The Market Today
Fed in Transition
by Craig Dismuke, Dudley Carter
THE FED IN TRANSITION
The Federal Reserve is likely to hike rates again today despite growing risks to tighter monetary policy. Fed officials have telegraphed the decision in a similar fashion to previous rate hikes; the markets are expecting and have priced in the move; and U.S. economic data, apart from housing, have been strong. However, there are two concerns which should be compelling enough to change the path of future policy decisions.
First, the markets have signaled growing unease in monetary tightening and global growth. The belly of the yield curve inverted two weeks ago. And while this is not the primary yield curve indicator for a looming recession, it was a noteworthy event and made investors even more skittish. The real volatility has been in the equity markets. The S&P is now down 4.8% YTD and 13% in the last three months. Moreover, 56% of the S&P 500 companies are now in “bear markets” (stock prices down more than 20% from recent peaks), while another 26% are in “corrections” (down more than 10%). If the Fed hikes today, it will be the first time they do so with stock prices lower than they were at the time of the preceding hike since June 2006 (the last hike of the previous expansion).
The recent volatility has not just been limited to the U.S. markets. Of the 50 countries in the MSCI world indices (both emerging and developed economies), 46 currently have stock markets with 50-day moving averages below their 200-day moving averages, the so-called “death cross.” Almost $17 trillion has been wiped from global stock market values since peaking back in January. All of this has occurred as the ECB has continued growing its balance sheet and kept its overnight rate at -0.40%, the Bank of Japan has continued growing its balance sheet and kept its policy rate at -0.10%, and the Fed has slowly tightened its policy. How much more volatility can be expected when the ECB and BoJ attempt to raise their overnight rates into positive territory and discontinue supporting the markets with large-scale asset purchases?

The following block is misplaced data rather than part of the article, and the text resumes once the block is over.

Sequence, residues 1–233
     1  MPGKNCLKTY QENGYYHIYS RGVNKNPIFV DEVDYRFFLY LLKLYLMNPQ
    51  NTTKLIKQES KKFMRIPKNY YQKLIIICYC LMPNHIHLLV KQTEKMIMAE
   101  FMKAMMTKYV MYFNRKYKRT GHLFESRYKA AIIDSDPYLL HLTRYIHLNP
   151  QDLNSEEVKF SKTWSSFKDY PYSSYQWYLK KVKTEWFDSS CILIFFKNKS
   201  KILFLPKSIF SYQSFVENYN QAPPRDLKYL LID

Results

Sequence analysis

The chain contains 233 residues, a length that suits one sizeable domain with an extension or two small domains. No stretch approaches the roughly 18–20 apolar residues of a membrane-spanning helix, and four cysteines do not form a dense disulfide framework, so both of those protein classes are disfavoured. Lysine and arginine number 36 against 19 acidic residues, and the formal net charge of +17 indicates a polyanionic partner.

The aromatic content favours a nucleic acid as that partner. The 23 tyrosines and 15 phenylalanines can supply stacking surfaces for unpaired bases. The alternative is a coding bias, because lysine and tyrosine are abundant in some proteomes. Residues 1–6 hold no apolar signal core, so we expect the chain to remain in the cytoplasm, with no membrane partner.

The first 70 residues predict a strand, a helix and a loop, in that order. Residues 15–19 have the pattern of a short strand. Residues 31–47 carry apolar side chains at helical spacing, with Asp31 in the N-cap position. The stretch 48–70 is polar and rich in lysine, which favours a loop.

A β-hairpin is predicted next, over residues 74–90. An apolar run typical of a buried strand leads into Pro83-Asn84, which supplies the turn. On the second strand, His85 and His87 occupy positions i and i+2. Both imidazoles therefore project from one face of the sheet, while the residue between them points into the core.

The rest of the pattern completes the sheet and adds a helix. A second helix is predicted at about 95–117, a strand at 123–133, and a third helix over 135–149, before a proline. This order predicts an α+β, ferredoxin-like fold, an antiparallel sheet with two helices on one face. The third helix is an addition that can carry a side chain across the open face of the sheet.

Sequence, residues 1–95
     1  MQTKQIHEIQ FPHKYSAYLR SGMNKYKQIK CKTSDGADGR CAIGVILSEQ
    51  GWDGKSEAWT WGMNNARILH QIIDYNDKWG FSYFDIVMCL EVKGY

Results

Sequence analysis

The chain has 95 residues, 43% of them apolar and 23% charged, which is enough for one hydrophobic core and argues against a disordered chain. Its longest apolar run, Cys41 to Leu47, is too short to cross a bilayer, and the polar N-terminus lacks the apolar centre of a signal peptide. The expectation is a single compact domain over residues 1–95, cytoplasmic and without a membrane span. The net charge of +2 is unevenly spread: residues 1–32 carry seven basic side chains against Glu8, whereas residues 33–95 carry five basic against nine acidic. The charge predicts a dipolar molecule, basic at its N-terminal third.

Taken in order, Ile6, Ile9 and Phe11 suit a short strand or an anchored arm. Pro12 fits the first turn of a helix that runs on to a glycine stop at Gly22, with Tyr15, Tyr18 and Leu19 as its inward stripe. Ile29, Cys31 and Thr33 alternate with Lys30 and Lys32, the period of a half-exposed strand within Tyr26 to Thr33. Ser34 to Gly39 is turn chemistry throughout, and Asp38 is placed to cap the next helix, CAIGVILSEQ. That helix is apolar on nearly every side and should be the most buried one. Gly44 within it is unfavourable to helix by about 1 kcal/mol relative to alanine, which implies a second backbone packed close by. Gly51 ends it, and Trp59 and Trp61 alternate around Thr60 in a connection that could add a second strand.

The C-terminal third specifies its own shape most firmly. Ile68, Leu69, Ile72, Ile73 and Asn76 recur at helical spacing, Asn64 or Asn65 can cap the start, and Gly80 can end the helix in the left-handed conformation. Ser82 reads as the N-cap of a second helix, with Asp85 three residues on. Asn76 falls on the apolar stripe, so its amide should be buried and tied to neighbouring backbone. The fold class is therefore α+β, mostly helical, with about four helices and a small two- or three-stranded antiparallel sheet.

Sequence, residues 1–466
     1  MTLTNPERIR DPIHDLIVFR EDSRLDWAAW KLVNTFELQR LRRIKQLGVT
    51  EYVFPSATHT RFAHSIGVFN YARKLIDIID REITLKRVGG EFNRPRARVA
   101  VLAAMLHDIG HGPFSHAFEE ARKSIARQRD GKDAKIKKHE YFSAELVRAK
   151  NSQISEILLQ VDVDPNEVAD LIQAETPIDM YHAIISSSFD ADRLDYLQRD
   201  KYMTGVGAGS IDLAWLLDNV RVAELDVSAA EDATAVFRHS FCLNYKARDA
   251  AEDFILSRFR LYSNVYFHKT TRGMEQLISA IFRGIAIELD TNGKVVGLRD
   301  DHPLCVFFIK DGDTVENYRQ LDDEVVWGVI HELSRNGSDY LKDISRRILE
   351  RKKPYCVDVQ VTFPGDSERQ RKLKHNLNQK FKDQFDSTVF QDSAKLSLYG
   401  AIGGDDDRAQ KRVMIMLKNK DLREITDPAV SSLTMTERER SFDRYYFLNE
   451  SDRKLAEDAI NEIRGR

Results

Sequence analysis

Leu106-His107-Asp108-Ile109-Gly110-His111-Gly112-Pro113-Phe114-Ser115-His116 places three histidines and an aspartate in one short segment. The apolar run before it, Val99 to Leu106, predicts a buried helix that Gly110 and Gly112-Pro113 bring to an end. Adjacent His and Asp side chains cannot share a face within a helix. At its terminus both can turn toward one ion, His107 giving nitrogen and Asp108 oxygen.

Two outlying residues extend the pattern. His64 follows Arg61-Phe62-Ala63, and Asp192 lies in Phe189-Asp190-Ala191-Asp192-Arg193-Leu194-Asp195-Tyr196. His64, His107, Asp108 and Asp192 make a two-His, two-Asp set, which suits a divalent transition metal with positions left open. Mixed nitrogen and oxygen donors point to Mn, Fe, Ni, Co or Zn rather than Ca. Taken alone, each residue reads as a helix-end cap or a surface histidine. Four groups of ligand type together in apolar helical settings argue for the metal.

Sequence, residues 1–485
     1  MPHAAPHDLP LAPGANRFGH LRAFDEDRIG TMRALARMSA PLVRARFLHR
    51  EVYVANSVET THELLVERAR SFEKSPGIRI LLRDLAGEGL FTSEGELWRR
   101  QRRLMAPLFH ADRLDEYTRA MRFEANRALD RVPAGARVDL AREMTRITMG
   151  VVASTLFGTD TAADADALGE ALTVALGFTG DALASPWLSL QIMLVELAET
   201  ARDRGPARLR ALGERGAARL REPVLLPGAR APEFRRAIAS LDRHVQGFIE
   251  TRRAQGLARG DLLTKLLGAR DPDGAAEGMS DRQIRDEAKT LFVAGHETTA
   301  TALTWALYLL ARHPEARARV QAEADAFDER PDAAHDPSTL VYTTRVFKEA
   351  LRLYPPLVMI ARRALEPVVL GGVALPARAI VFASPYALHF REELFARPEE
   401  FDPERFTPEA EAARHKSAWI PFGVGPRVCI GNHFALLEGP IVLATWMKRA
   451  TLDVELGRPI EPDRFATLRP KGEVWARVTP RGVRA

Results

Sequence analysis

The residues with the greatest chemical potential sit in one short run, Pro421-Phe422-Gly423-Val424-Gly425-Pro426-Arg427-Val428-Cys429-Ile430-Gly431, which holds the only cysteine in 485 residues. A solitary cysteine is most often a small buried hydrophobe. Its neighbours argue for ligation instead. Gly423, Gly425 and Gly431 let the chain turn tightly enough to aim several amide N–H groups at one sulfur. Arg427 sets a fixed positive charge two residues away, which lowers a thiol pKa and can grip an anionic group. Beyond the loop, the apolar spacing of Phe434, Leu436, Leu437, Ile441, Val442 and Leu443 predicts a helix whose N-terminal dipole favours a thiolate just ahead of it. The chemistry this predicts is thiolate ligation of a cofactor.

Second, the primary impetus for tightening policy is containing the risk to excessive inflation. That risk appears benign at this point, particularly if a global slowdown is underway. The Fed employs econometric models which presume inflation will increase when the labor market tightens. However, recent experience shows an unemployment rate that has been below what Fed officials believe is sustainable longer term for two years now. Despite that, wage growth has sluggishly crawled to 3.1% YoY. Inflation has remained anchored near 2.0% with core PCE actually pulling back to 1.8% in October. Market-based inflation expectations remain low. While the models may say the risk to inflation is too high thus warranting further rate increases, the results show that this economy is behaving differently than the models project.
Stock prices are clearly reflecting growing angst over monetary policies and the global growth outlook. From these signals, it appears that the Fed is very near an equilibrium rate (neutral), if not already there. If inflation risks are contained, as it appears they are, the recent tightening of financial conditions should be sufficient data for the Fed to pause at least one part of its tightening – its rate hikes.
Mortgage Apps Decline; Existing Home Sales Expected to Fall: Mortgage applications for the week ending December 14 fell 5.8% on a 6.8% drop in purchase apps and a 2.3% decline in refis. The results wiped out most of the past three weeks’ reports showing positive application activity. At 9:00 a.m. CT, the November existing home sales report is expected to show another 0.4% decrease in sales.